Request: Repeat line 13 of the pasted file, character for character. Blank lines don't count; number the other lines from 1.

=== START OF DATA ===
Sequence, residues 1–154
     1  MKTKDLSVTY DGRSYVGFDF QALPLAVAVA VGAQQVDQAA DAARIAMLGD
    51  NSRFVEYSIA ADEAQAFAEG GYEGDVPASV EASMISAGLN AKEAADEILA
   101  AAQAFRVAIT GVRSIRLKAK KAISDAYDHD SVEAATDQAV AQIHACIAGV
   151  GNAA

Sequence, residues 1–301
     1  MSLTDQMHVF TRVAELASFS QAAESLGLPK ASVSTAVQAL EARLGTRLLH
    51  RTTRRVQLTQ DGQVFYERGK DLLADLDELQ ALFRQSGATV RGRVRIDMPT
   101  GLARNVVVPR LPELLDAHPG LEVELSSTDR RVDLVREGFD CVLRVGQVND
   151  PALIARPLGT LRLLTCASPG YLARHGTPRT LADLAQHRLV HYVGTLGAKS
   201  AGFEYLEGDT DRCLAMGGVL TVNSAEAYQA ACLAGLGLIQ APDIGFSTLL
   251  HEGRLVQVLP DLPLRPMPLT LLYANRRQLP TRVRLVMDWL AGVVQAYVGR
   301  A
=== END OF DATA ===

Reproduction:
   301  A